AdComm exodus: 2nd expert quits over FDA approval of Biogen’s Aduhelm

AdComm exodus: 2nd expert quits over FDA approval of Biogen’s Aduhelm

Another member of the FDA’s advisory committee on nervous system drugs has quit over the approval of Biogen’s Alzheimer’s disease product Aduhelm, Reuters reports. Mayo Clinic neurologist David Knopman, M.D., is the latest expert to leave the committee because of the FDA approval.

Since the FDA went against the Peripheral and Central Nervous System (PCNS) Drugs advisory committee to authorize Aduhelm, two of the experts who normally sit on the panel have quit. In following Washington University neurologist Joel Perlmutter, M.D., out the door, Knopman expressed his displeasure at how the FDA handled the situation.

“I was very disappointed at how the advisory committee input was treated by the FDA,” Knopman said. “I don’t wish to be put in a position like this again.”

Knopman wasn’t part of the panel that debated and recommended against Aduhelm in November as he was a site investigator for ENGAGE, one of the two clinical trials Biogen used to seek FDA approval. Aduhelm failed to reduce clinical decline in ENGAGE, but Biogen tried to use the results to validate the findings of its other phase 3 by doing a post hoc analysis of high-dose patients.

While Knopman was unable to participate in the aducanumab advisory committee, he was quoted by Michael Carome, M.D., director of Public Citizen’s Health Research Group, at the meeting. The quote makes Knopman’s opinion on Biogen’s case for approval clear.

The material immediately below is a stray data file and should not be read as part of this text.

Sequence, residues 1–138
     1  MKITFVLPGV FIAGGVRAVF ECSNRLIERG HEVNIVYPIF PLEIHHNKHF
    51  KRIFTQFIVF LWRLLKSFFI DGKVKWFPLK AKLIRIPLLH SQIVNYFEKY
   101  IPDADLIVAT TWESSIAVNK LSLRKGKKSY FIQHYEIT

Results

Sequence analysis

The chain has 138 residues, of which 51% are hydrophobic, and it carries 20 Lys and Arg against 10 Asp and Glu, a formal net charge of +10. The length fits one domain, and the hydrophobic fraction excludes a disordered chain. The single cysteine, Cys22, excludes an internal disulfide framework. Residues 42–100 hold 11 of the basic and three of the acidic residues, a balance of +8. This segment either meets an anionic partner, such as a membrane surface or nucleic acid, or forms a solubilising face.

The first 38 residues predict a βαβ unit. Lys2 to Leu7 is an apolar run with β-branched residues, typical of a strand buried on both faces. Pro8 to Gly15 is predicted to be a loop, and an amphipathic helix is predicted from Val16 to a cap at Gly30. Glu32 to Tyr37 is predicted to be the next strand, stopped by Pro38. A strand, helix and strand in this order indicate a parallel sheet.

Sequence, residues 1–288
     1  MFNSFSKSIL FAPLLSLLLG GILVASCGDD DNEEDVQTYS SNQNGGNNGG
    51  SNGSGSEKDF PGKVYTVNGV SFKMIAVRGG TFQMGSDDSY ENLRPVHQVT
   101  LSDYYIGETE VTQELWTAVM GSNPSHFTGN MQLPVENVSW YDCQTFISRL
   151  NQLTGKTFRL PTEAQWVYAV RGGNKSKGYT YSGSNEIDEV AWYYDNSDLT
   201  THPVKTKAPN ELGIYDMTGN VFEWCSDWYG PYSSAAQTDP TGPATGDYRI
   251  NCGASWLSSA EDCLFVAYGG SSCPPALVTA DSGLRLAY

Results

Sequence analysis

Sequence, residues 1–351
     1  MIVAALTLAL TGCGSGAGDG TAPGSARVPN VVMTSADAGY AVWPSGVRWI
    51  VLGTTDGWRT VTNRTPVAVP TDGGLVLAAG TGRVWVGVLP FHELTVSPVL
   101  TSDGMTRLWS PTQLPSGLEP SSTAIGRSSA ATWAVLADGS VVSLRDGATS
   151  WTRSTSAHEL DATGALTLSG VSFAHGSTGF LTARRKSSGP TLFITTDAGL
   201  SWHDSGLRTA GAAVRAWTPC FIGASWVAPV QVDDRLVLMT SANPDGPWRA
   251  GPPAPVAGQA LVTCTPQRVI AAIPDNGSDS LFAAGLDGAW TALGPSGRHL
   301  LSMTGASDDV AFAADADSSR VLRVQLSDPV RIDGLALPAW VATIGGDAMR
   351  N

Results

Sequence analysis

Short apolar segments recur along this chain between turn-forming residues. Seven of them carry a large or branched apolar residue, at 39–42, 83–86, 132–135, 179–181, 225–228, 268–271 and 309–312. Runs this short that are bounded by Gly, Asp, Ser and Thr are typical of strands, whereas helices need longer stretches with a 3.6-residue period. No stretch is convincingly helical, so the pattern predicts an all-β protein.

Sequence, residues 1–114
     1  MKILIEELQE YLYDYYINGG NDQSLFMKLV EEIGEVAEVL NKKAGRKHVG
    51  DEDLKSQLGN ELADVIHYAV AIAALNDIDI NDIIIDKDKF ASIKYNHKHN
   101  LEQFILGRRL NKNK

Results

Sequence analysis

“The evidence that aducanumab has any benefit in persons with Alzheimer’s disease is terribly weak,” Knopman said.

With Knopman and Perlmutter quitting in quick succession, the FDA has lost two of the nine voting members of its PCNS committee. The departures deprive the FDA of two of the three voting members who are listed as having “neurology” as their only area of expertise.

However, the timing of the departures may mitigate the impact, assuming there are other experts in neurology willing to replace them. Perlmutter’s four-year term was originally due to end in January 2020 but was extended by two years. The extension meant Knopman and Perlmutter were both due to leave the committee in January 2022; the FDA would have needed to replace them soon anyway.

Most of the other experts currently on the advisory committee have longer to run on their terms. The exception is chairperson and University of Virginia neurology professor Nathan Fountain, M.D., whose four-year term is up at the end of January 2022.

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